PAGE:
Wikileaks DDoS tool downloads grow rapidly

LOIC tool unusually popular in UK

A disproportionate number of people downloading the open source DIY tool being used to launch DDoS attacks on companies deemed hostile to Wikileaks appear to be based in the UK, new figures have suggested.

According to security company Impreva, the total download for the 'manual' version of the Low Orbit Ion Canon (LOIC) tool is still modest by Internet standards at around 33,000 and growing. Not surprisingly, a third or almost 10,000 of those are from users based in the US, but despite its much smaller population the UK comes in second place with 3,200 downloads.

Other European countries, including Germany, France, Russia, Spain and The Netherlands are all between 1,000 and 2,000 downloads each. 85 per cent of downloaders are Windows users.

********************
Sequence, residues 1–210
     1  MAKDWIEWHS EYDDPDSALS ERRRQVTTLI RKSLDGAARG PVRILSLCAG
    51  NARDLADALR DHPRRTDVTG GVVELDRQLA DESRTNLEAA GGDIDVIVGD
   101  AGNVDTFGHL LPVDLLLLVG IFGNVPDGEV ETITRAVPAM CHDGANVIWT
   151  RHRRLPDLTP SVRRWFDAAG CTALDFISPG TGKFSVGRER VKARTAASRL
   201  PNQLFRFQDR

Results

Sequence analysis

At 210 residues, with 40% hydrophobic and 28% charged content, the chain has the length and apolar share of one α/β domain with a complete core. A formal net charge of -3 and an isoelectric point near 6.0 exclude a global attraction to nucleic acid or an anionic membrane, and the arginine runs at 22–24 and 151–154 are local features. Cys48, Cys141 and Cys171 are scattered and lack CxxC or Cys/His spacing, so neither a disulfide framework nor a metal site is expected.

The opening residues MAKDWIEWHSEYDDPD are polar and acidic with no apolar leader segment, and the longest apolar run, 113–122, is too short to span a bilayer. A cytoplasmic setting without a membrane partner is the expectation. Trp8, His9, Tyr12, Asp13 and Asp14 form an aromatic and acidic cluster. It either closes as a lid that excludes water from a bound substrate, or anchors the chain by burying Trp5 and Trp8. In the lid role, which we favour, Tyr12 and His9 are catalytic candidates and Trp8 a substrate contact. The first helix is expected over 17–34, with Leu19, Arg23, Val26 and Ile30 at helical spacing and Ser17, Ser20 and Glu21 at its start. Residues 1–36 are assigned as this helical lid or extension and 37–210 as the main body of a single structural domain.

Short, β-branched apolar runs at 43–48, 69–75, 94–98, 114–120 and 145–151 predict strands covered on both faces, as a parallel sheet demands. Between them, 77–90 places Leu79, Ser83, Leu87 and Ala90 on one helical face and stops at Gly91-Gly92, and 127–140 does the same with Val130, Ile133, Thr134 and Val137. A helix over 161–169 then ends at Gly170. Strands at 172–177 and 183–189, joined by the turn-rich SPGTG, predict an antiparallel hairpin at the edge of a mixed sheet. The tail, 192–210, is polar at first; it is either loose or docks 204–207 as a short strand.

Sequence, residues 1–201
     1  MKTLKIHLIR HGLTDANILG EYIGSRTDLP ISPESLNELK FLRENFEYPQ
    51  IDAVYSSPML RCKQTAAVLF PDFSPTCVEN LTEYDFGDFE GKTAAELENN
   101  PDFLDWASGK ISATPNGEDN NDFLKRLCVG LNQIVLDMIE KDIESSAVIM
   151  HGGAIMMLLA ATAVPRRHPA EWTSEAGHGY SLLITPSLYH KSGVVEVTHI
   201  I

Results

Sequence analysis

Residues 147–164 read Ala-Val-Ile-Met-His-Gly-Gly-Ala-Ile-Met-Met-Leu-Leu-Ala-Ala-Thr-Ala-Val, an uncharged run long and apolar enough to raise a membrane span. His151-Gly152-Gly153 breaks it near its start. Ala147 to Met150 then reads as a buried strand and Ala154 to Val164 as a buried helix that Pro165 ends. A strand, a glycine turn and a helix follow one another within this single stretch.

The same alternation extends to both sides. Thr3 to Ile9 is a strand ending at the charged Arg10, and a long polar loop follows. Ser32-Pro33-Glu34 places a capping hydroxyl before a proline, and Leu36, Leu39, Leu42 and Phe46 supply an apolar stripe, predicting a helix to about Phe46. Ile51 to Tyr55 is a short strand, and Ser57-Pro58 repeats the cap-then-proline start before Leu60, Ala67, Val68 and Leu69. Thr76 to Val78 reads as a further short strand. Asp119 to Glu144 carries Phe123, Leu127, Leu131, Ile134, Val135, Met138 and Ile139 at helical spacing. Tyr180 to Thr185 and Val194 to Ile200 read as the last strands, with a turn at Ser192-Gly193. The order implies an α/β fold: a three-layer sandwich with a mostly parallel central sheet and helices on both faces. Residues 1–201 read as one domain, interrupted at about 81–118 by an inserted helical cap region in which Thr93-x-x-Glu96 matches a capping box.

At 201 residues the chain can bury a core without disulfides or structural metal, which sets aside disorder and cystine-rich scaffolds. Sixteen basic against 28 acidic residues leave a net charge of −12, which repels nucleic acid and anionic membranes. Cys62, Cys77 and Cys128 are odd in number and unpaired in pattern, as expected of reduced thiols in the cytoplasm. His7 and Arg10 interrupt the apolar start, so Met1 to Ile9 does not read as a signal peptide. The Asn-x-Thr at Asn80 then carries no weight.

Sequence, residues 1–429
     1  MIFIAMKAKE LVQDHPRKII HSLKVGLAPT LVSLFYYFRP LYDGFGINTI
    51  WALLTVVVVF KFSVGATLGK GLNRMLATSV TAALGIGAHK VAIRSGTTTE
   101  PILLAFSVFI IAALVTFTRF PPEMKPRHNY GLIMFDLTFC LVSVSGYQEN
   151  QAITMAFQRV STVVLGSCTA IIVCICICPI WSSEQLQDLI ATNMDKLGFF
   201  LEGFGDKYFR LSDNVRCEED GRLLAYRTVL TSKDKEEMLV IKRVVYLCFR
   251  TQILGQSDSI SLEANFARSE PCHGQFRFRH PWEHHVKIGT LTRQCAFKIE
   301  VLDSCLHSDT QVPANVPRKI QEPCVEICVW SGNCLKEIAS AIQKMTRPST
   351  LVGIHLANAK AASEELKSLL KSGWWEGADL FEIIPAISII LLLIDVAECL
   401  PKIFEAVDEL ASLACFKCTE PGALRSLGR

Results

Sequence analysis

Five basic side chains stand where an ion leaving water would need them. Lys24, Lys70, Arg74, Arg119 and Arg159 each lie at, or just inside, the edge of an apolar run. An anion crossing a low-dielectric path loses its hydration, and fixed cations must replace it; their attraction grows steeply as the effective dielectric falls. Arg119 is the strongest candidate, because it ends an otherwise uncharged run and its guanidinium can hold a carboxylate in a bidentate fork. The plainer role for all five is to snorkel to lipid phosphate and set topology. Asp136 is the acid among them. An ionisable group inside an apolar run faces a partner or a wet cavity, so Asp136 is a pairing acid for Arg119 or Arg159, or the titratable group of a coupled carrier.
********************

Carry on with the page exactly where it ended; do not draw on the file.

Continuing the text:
What is perhaps more alarming is the rate of increase in downloads, which is accelerating. Of the nearly 50,000 people who have now downloaded the tool as of 10 December, roughly 60 per cent have happened in two days.

Meanwhile, the server version of LOIC had been downloaded at least 33,000 times as of around 5pm GMT on 9 December. A third Javascript version cannot be measured because it requires no download.

Anyone in the UK thinking of looking at LOIC should be warned that even downloading it could be illegal under the Computer Misuse Act if that download is discovered and evidence of intent is proved. Demonstrating intent would be incredibly hard but the warning still stands.

"The 'voluntary' botnet is illegal. These attackers are downloading code which is performing an attack. Although they did not write the code, and although they are hiding behind the mask of so-called ideology, they are engaging in activity to disrupt a service," cautioned Imperva's CTO, Amichai Shulman.

Realistically, LOIC is a still more of a marketing tool for the Anonymous cause more than a serious botnet tool that can scale. The group is likely using involuntary botnets to do most of its DDoS, that is launching attacks using hijacked PCs without their owners being aware that this is happening.

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John E Dunn

Techworld
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